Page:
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dc.contributor.authorTopping, Kristel
dc.contributor.authorWheaton, Lewis
dc.contributor.authorStout, Dietrich
dc.contributor.authorPargeter, Justin
dc.date.accessioned2021-05-14T13:18:01Z
dc.date.available2021-05-14T13:18:01Z
dc.date.issued2021
dc.identifier.urihttp://hdl.handle.net/1853/64500
dc.descriptionThe purpose of the following files is to provide an open access link for data used for publication. It includes analysis code, data files used to generate figures, and description of the contents.en_US
dc.description.abstractStone tool making is a unique human motor skill dating back to the Paleolithic. It provides the earliest evidence of complex motor skills and social learning. Learning to intentionally shape a stone into a functional tool is thought to rely on the interaction of action observation and individual practice to support motor skill acquisition, but the emergence of adaptive and efficient perceptual processes during the observational learning of such a novel motor skill are not well understood. By examining eye movements and motor skills, the current study sought to evaluate the relationship between perceptual and motor processes related to approximately 90 hours of training on stone tool making. Participants’ (n = 11) gaze and motor performance were assessed at three different training time points: naïve (0 hours of training), post 1 (50 hours of training), post 2 (~90 hours of training). Gaze patterns reveal a transition from high gaze variability during initial observation to lower gaze variability after training. Furthermore, perceptual changes were strongly associated with motor performance improvement suggesting a coupling of perceptual and motor processes during motor learning, in order to attend to the technologically informative aspects of the tool making task. The complex emergence of perceptual-motor coupling in this study emphasizes the importance of naturalistic skill learning studies to understand real-world perceptual-motor interactions and technological skill development. This study also highlights “evolutionary neuroscience” methods for reliably reconstructing ancient motor-skill processes from archaeological evidence.en_US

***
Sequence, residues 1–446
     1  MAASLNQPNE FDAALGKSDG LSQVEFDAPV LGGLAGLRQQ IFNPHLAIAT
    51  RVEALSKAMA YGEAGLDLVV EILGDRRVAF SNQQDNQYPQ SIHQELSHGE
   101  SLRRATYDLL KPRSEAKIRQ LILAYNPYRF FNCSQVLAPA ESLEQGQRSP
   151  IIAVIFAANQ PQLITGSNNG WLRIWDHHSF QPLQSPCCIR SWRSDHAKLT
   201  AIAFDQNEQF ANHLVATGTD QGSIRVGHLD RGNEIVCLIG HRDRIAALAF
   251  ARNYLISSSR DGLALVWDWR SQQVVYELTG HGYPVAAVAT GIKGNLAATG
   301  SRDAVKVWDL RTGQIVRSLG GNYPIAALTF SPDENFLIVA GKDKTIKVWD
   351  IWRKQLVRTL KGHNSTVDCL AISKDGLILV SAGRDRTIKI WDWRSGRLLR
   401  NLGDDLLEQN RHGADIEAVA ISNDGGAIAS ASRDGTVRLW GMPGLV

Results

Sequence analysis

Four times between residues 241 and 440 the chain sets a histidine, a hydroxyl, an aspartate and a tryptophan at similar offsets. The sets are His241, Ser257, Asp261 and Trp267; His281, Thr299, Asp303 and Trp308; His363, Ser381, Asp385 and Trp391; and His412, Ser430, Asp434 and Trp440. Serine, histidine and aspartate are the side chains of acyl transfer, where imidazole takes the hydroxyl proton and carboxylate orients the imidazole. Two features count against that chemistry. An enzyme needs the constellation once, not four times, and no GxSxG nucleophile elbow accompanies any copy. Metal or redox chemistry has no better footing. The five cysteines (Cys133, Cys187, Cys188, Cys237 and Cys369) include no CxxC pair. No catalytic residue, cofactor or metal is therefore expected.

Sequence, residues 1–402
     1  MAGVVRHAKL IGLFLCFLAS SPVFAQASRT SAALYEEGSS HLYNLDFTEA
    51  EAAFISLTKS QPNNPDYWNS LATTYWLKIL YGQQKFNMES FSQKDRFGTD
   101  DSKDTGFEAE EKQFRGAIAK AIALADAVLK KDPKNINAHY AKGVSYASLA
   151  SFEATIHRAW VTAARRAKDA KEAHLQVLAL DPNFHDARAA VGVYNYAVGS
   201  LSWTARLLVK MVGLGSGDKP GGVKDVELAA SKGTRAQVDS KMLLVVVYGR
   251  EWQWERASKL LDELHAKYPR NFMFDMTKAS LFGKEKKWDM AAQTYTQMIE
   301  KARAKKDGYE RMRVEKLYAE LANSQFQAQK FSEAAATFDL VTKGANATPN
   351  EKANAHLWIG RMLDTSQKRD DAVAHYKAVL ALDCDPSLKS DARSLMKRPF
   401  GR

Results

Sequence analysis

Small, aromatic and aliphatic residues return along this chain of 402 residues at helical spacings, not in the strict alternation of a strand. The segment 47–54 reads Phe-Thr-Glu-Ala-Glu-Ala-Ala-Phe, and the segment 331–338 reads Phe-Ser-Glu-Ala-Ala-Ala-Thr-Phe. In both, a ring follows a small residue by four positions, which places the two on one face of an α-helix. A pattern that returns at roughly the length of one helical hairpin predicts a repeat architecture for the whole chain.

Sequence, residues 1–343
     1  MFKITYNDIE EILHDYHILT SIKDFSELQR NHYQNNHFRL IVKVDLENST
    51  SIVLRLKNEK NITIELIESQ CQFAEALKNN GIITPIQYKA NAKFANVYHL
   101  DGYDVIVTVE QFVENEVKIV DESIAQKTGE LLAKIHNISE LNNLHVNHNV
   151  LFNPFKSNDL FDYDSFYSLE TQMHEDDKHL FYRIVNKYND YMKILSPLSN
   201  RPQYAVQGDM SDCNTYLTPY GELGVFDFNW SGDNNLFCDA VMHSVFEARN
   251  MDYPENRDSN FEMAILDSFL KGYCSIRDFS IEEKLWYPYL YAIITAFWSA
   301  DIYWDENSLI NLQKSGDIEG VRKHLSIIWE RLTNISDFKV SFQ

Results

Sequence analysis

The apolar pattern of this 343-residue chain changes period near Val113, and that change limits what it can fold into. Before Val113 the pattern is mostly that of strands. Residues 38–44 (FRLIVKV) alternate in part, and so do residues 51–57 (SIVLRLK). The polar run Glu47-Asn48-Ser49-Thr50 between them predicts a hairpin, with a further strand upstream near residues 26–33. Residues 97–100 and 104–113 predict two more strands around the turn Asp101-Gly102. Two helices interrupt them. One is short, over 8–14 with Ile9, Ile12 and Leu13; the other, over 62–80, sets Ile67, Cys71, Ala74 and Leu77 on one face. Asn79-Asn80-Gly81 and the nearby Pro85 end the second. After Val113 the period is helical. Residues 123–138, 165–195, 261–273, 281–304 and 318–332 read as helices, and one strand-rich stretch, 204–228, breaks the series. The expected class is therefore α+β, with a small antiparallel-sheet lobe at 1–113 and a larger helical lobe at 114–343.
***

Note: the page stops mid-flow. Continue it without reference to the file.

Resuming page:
dc.description.sponsorshipNational Science Foundation (DRL-1631563 and SBE-SMA-1328567) and John Templeton Foundation (47994)en_US
dc.publisherGeorgia Institute of Technologyen_US
dc.subjectStonetoolsen_US
dc.subjectMotor learningen_US
dc.subjectEye trackingen_US
dc.subjectMotor performanceen_US
dc.titleStonetool Study Dataseten_US
dc.title.alternativeData Repository for Stonetool Studyen_US
dc.typeDataseten_US
dc.contributor.corporatenameGeorgia Institute of Technology. School of Biological Sciencesen_US


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